Monday, September 08, 2008

The Millennial Disc: A disc that lasts forever?

A company in Utah, named Millenniata, Inc., says they have a disc that can save content forever. "...the Millennial DiscTM [is] a permanent archiving solution for the preservation of data, information and records for institutions, businesses, consumers and families." According to the company:
We have developed a Write Once Read ForeverTM DVD made from materials that are known to be capable of enduring over 1,000 years. Research to this point has produced optically-recorded bits with optical contrast superior to that of today’s DVD-R technology; this optical contrast will not degrade with the passage of time. Our Millennial WriterTM uses a higher energy laser to ablate a dark glassy surface. These Millennial DiscsTM will be readable in all current DVD readers.
Only the disc and the disc writer are new technology. The discs are playable in existing CD and DVD players.

Millenniata's web site shows this graphic of the disc layers:

Looking at the web site, it doesn't seem that the company is doing mass production at this point. It would be interesting to get this technology into an organization that could give it a full testing and then report on the results. Is it the solution? Is it a solution? If not, why not?

By the way, their literature contains this information on media longevity that we all should keep in mind (no matter what media we're using):

  • Magnetic Tape: 30 to 50 years
  • Hard-Drive: 7 to 12 years
  • CD/DVD (recordable): 7 to 23 years
  • Solid state (Flash memory): 10 to 12 years
Of course, most people would dispute the fact that a CD/DVD could last 23 years. Perhaps under truly optimal conditions. I do I really think my flash drive is going to last 10 years? Perhaps if I don't lose it first!

BTW I'm always exciting when a company has a blog and even more exciting when the company really uses its blog. I hope Millenniata will use its blog more to help educate us.

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Wouter Kool said...

The problem is not just with the lifecycle of the media, but of the hardware to read them (even with current lifecycles, this is a problem). Such a solution should go with the obligation that current hardware to read the media will be available forever...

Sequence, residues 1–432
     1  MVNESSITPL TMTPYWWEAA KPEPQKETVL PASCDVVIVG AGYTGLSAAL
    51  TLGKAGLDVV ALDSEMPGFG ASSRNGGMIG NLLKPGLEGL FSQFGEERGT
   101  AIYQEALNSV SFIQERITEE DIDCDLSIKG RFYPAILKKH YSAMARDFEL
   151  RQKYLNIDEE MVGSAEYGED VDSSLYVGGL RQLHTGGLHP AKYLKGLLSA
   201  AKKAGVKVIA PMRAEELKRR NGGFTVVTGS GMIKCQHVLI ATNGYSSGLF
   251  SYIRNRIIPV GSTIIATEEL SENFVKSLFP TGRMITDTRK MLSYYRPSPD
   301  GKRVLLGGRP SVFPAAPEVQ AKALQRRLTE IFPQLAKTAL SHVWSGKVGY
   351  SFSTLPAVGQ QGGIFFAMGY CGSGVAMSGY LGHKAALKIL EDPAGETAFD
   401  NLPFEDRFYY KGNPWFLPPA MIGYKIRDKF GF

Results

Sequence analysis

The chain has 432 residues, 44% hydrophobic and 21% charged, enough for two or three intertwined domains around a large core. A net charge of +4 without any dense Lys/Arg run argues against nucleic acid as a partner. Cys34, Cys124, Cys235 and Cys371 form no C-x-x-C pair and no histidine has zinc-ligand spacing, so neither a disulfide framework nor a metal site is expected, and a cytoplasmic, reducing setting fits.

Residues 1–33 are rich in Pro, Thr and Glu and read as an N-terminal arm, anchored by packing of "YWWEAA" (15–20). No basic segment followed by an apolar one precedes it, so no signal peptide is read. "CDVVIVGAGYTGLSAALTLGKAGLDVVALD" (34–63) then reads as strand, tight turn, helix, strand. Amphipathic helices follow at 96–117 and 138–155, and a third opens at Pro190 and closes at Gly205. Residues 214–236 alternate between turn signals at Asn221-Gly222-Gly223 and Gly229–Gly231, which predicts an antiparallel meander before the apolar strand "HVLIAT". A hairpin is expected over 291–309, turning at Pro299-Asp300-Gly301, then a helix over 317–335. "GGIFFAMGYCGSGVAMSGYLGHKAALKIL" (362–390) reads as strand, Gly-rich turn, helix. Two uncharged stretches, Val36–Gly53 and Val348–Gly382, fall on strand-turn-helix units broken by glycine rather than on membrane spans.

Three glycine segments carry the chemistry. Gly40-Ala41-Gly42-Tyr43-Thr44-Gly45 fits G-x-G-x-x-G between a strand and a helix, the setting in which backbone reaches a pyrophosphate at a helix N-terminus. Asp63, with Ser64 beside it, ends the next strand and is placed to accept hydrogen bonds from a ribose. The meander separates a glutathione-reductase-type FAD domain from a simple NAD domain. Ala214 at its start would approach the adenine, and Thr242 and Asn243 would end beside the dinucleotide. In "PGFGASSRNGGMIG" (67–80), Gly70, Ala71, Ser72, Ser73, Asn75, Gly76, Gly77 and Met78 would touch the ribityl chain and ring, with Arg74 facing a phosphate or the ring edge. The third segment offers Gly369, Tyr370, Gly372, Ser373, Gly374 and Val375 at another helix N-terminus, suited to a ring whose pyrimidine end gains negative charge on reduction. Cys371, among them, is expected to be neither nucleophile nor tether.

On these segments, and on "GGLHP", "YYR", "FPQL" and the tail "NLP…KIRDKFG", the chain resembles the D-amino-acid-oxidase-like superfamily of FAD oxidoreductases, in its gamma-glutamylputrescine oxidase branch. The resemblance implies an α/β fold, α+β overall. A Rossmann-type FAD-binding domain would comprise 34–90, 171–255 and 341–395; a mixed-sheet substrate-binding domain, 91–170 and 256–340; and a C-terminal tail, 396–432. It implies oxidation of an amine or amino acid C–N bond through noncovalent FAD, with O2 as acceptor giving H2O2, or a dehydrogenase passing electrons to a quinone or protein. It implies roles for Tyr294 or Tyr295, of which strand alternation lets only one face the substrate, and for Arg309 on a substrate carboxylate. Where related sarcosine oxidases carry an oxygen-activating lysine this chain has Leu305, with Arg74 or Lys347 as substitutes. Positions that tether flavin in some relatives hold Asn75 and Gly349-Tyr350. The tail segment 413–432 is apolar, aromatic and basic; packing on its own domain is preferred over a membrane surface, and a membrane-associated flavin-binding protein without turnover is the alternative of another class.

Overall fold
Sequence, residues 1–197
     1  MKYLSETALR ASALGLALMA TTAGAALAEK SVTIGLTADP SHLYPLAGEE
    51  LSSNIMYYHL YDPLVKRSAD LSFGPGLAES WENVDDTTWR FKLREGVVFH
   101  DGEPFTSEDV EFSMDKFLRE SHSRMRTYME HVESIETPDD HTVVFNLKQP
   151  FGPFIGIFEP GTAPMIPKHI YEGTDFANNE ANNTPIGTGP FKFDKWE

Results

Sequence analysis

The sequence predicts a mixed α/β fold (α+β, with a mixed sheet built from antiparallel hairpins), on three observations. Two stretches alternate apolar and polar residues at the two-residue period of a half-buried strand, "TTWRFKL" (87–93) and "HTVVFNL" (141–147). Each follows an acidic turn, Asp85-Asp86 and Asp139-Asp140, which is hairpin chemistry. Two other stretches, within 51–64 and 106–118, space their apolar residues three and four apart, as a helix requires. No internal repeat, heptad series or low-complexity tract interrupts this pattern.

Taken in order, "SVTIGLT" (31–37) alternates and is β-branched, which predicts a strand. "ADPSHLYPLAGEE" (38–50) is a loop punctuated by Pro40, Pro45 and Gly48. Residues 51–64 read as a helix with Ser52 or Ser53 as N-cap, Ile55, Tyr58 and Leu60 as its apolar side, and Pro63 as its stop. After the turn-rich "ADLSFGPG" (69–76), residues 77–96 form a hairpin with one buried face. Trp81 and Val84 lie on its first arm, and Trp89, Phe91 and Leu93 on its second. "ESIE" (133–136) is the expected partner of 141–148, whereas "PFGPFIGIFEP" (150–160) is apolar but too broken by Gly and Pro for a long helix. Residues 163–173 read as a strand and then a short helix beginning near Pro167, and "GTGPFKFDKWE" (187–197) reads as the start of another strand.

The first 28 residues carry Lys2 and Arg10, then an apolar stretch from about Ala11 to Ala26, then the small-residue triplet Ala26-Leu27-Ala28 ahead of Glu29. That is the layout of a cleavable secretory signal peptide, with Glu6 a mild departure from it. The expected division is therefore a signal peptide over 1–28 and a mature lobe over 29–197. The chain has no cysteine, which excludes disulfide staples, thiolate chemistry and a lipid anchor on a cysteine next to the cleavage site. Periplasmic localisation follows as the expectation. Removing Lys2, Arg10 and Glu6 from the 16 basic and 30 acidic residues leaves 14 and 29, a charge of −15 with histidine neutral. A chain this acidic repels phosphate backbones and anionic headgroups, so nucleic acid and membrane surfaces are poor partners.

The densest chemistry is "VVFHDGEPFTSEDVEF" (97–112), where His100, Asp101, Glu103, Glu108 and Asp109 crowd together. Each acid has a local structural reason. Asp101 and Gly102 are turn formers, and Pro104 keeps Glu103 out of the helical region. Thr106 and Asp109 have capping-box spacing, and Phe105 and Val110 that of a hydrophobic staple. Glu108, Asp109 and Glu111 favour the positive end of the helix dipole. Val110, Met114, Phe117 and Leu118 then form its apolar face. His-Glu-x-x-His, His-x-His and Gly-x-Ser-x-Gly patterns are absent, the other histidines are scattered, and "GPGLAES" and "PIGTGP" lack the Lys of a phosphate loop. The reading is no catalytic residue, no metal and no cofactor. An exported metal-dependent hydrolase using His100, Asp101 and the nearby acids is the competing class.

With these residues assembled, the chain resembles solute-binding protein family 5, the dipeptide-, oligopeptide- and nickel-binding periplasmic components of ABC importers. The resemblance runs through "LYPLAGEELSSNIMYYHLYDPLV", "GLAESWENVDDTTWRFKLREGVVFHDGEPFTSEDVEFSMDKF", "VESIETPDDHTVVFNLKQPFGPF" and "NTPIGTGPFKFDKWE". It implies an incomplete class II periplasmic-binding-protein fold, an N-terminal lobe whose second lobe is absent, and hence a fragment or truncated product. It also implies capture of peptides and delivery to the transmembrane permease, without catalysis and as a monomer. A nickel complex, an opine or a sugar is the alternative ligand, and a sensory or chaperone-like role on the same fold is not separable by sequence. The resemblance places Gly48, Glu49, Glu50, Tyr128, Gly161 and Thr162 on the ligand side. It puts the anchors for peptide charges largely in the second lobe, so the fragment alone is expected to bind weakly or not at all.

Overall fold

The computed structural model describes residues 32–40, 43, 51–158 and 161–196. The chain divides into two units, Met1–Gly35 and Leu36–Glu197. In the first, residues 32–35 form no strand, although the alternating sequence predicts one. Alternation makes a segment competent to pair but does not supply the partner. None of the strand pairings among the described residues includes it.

Dan said...

Media longevity is not the same as data longevity. Anyone relying on tapes being read after 30 years might be surprised.

Richard Seiling said...

The problem with tapes is they are usually written with a proprietary software, like a backup program. The data may be there, but I think finding a backwards compatible drive, and software to read it, will be hard in 20-30 years. The CD/DVD form factor can be read with commodity drives that are ubiquitous, and are far more likely to be around in 30-50 years. It's not a perfect solution, but the Millennial disk looks like the best we have for now in terms of media longevity.

Anonymous said...

I think the commenters have it backward. If Millenniata can produce a disk that lasts "forever" then companies, libraries, etc. will make sure to have something to read it, especially since there is NO other long term data storage option available.

As a note, Millenniata has started mass production and is selling product ( The product has been independently tested by a testing company in Utah and by the US Department of Defense through their China Lake military testing facility. The reports all uphold what Millenniata is claiming and will be released soon.